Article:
Robin Roberts' Diagnosis Hits Home for West Tennessee
Robin Roberts announced she is now facing a new battle with Myelodysplastic Syndrome, (MDS). MDS is a rare bone marrow disorder, said doctors.
This will be Roberts second fight with a serious disease, as she beat breast cancer five years ago. Doctors believe the chemotherapy and radiation administered during Roberts' breast cancer treatment are to blame.
"It is one of the known potential side effects of the treatments we use to actually treat cancers," said Dr. Brion Randolph, Kirkland Cancer Center Medical Director.
Kirkland Cancer Center doctors believe Roberts' stunning announcement on Good Morning America hit close to home for those battling the disease in West Tennessee.
"I think she is an inspiration to many women," said Randolph.
Earnestine Bond, 58, is a Jackson cancer patient. She said she could relate when Roberts announced she too is fighting a rare bone disease.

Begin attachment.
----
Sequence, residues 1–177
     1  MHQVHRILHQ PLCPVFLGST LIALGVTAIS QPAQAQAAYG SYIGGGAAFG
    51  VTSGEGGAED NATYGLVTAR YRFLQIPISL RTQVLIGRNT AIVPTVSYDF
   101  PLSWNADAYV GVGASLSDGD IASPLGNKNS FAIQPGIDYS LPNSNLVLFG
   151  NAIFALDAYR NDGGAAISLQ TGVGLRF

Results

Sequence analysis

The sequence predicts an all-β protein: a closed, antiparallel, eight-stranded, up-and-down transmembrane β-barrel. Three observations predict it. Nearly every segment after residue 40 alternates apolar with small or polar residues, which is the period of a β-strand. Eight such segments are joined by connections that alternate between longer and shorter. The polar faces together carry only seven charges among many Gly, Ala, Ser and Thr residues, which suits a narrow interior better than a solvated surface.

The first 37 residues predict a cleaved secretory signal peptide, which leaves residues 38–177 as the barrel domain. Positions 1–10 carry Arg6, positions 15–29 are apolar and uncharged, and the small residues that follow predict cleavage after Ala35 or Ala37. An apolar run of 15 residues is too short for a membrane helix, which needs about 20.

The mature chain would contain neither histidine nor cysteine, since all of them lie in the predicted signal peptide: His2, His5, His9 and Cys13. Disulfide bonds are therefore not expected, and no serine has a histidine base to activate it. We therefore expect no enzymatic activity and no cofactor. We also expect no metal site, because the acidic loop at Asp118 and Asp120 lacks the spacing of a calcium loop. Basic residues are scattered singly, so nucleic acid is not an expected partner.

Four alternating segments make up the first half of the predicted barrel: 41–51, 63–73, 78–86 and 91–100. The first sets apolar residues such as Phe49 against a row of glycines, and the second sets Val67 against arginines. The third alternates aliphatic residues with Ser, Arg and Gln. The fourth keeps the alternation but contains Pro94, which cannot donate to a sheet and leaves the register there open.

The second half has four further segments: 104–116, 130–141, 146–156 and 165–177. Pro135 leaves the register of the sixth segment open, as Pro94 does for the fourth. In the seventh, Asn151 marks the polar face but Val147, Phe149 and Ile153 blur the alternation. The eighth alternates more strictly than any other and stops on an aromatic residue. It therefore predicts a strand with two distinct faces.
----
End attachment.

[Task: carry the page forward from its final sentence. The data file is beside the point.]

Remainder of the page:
"Yes, I felt her pain this morning. I looked at her and I know what she was going through," said Bond.
Bond has been battling a bone cancer since January and said she knows how devastating that diagnoses can be.
"It took a toll on me, I couldn't accept it just knowing the word cancer," said Bond.
Doctors said, Roberts has inspired many fighting the disease in West Tennessee clinics for years and patients say watching Roberts on Good Morning America, battle breast cancer, felt like they too were fighting with their hero.
"She is my hero because if she can fight it, I can fight it with her," said Bond.
Although MDS is a rare disease affecting around 18,000 people each year, the diagnosis is noticeable throughout West Tennessee.
"I see patients every week with the disease. We have new diagnoses, probably about one every other month," said Randolph.
For now bone marrow transplants are the only known cure for MDS, but their biggest issue is finding donors.
" A lot of us have this disease but we don't have anybody that will donate," said Bond.
There are around 1,300 new cancer patients treated in the Kirkland Cancer Center each year said Randolph.
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